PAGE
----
A court has sentenced a man to 208 years in prison for the criminal homicides of 26 people, most of them children, who died when a school collapsed during a powerful earthquake that struck Mexico City in 2017, authorities said on Wednesday.
The Mexico City Attorney General’s Office said it had shown that the man described as the project director had guaranteed the structural safety of the school in Tlalpan, a southern district of the capital, without carrying out the required testing and despite irregularities in construction.
The man, identified in media reports as Juan Mario Velarde Gámez, had signed off on a renovation of the school in which an apartment was added to the roof of one wing. The additional weight was identified as a factor in the building’s collapse.
The court also ordered Velarde to pay 377,450 pesos (US $19,000) to each of the victims’ families.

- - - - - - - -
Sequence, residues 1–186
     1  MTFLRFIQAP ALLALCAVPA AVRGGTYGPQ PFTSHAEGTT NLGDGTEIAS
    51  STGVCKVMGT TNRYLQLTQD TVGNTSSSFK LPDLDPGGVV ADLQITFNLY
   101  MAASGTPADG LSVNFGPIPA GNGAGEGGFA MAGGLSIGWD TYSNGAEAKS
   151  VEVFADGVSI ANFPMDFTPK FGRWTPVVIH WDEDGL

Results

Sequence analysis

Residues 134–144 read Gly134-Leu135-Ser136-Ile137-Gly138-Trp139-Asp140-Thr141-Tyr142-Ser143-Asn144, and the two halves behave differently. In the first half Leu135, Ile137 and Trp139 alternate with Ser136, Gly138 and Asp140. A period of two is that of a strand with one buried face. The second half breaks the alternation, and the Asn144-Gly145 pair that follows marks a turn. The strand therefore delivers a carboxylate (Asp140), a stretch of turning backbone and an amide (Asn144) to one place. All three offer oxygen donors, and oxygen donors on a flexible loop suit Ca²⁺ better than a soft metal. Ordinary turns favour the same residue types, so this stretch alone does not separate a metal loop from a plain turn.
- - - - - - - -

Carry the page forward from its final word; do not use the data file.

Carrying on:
Nineteen children and seven adults died when the privately owned Enrique Rébsamen school collapsed during the 7.1-magnitude quake, the most deadly in Mexico in a generation. At least 369 people died in the capital and surrounding states.
Mexican prosecutors said at the time they had opened a probe into the potential criminal responsibility of the owner and private inspectors for the collapse.
The owner, Mónica García Villegas, was sentenced last December to 31 years for manslaughter.